Cell Signals Animation

Cell signaling is part of a complex system of communication that governs basic cellular activities and coordinates cell actions. The ability of cells to perceive and correctly respond to their microenvironment is the basis of development, tissue repair, and immunity as well as normal tissue homeostasis. Errors in cellular information processing are responsible for diseases such as cancer, autoimmunity, and diabetes. By understanding cell signaling, diseases can be treated effectively and, theoretically, artificial tissues could be built.
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Traditional work in biology has focused on studying individual parts of cell signaling pathways. Systems biology research helps us understand the underlying structure of cell signaling networks and how changes in these networks can affect the transmission of information.



Cell signaling has been most extensively studied in the context of human diseases and signaling between cells of a single organism. However, cell signaling can also occur between the cells of two different organisms. In many mammals, early embryo cells exchange signals with cells of the uterus. In the human gastrointestinal tract, bacteria exchange signals with each other and with human epithelial and immune system cells. For the yeast Saccharomyces cerevisiae during mating, some cells send a peptide signal (mating factor) into their environment. The mating factor peptide can bind to a cell surface receptor on other yeast cells and induce them to prepare for mating.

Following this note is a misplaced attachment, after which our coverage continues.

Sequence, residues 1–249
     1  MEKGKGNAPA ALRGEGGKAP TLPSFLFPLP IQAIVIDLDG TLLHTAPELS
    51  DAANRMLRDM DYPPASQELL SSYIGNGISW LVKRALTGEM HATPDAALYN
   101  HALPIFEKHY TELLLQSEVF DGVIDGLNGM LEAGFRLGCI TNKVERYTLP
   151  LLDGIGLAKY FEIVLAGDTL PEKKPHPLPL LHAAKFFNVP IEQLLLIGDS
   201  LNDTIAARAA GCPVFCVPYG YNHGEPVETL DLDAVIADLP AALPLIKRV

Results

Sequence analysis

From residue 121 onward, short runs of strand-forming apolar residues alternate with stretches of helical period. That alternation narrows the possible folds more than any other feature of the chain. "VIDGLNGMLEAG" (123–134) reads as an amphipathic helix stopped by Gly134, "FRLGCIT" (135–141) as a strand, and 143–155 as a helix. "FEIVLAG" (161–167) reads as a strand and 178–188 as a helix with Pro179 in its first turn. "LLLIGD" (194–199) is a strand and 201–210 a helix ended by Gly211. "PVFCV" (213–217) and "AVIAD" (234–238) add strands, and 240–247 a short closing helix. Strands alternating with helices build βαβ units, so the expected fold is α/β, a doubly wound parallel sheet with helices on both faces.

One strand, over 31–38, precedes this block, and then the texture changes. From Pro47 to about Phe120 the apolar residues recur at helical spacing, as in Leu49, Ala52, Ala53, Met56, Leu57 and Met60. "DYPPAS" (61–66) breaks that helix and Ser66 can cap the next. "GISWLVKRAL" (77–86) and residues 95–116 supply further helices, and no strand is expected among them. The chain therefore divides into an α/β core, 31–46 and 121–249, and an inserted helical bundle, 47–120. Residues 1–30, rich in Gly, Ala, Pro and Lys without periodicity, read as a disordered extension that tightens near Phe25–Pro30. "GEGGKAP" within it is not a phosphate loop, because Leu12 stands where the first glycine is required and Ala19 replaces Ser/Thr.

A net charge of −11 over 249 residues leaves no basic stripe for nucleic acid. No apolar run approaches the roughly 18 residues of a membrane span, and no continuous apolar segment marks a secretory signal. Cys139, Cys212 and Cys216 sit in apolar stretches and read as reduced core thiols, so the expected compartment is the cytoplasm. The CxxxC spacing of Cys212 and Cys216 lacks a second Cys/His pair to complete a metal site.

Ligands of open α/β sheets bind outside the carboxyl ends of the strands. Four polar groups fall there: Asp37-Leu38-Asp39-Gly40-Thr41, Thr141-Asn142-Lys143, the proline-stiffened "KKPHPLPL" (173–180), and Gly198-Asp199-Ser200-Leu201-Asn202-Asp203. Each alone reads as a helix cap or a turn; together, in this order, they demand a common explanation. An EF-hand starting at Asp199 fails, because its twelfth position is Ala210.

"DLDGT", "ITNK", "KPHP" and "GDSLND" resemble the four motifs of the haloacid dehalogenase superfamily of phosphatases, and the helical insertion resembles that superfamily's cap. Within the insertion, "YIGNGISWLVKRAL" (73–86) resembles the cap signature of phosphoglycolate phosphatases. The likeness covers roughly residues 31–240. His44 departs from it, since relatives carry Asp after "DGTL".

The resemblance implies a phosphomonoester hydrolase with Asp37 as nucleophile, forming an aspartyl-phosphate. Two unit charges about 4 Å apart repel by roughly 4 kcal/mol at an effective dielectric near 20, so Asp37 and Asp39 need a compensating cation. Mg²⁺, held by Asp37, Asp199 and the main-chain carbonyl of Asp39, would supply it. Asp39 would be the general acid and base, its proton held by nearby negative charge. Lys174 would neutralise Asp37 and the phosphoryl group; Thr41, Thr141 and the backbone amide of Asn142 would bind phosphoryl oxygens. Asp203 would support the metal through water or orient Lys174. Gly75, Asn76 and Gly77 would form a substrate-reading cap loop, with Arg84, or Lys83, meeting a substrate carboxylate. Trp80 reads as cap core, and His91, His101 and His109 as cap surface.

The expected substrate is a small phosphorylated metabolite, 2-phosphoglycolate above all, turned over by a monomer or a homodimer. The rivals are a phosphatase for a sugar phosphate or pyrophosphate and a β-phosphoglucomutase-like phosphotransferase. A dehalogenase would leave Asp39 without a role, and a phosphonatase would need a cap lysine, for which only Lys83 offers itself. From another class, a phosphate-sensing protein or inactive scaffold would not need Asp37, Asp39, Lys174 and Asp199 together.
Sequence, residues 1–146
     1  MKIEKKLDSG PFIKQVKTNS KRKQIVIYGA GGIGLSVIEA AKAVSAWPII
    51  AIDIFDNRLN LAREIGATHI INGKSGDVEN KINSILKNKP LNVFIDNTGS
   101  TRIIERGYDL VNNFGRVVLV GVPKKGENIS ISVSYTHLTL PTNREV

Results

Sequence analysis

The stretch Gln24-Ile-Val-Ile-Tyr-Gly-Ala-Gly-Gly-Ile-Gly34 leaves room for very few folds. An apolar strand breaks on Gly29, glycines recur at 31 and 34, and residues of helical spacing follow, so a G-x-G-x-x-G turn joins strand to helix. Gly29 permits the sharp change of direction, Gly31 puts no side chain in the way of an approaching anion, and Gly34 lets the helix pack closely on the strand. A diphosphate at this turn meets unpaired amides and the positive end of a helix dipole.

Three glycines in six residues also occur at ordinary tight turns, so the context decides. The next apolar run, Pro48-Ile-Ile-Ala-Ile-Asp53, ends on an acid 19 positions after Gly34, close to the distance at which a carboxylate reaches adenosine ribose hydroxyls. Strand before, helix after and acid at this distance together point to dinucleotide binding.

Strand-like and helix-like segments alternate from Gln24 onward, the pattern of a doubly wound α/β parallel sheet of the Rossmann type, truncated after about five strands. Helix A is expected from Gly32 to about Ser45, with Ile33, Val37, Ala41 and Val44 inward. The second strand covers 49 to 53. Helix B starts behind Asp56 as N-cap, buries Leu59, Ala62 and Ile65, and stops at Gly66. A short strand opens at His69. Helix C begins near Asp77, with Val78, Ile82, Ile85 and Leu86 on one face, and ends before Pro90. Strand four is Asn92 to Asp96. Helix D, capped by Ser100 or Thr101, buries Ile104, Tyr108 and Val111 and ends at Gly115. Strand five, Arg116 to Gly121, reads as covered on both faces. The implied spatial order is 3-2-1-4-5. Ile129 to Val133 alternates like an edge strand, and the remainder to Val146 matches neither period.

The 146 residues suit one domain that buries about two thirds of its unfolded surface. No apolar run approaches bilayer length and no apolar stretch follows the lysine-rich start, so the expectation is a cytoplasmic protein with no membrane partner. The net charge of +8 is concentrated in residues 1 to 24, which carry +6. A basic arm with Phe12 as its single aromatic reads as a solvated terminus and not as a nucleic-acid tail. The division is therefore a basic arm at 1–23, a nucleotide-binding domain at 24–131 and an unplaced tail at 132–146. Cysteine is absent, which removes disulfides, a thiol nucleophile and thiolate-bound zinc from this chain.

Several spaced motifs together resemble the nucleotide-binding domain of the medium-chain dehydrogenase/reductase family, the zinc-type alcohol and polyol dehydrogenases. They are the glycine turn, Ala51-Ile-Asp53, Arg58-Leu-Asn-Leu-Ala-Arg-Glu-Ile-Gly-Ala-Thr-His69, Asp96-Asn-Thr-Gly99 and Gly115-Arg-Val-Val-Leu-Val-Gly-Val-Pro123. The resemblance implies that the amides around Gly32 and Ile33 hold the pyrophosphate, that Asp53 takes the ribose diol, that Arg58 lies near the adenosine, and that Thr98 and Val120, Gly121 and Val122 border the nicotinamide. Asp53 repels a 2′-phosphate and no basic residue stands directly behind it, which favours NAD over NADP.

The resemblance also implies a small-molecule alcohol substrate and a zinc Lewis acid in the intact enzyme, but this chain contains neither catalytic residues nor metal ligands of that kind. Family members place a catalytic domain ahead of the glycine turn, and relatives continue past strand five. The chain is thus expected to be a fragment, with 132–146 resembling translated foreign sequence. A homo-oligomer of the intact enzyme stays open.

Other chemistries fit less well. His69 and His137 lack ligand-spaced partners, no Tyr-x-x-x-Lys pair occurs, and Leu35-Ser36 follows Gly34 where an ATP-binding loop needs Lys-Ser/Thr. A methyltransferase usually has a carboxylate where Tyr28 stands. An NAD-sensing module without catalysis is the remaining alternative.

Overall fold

Some cell-to-cell communication requires direct cell-cell contact. Some cells can form gap junctions that connect their cytoplasm to the cytoplasm of adjacent cells. In cardiac muscle, gap junctions between adjacent cells allows for action potential propagation from the cardiac pacemaker region of the heart to spread and coordinately cause contraction of the heart.

The Notch signaling mechanism is an example of juxtacrine signalling in which two adjacent cells must make physical contact in order to communicate. This requirement for direct contact allows for very precise control of cell differentiation during embryonic development. In the worm Caenorhabditis elegans, two cells of the developing gonad each have an equal chance of terminally differentiating or becoming a uterine precursor cell that continues to divide. The choice of which cell continues to divide is controlled by competition of cell surface signals. One cell will happen to produce more of a cell surface protein that activates the Notch receptor on the adjacent cell. This activates a feedback system that reduces Notch expression in the cell that will differentiate and increases Notch on the surface of the cell that continues as a stem cell.

Many cell signals are carried by molecules that are released by one cell and move to make contact with another cell. Endocrine signals are called hormones. Hormones are produced by endocrine cells and they travel through the blood to reach all parts of the body. Specificity of signaling can be controlled if only some cells can respond to a particular hormone. Paracrine signals target only cells in the vicinity of the emitting cell. Neurotransmitters represent an example. Some signaling molecules can function as both a hormone and a neurotransmitter. For example, epinephrine and norepinephrine can function as hormones when released from the adrenal gland and are transported to the heart by way of the blood stream. Norepinephrine can also be produced by neurons to function as a neurotransmitter within the brain. Estrogen can be released by the ovary and function as a hormone or act locally via paracrine or autocrine signaling.

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